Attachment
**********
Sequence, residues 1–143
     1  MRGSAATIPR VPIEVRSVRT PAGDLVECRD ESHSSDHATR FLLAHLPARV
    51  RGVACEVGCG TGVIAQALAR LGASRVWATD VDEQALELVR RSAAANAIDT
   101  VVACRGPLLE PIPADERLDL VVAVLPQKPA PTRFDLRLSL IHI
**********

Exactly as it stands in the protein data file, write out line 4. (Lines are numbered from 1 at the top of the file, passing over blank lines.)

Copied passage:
   101  VVACRGPLLE PIPADERLDL VVAVLPQKPA PTRFDLRLSL IHI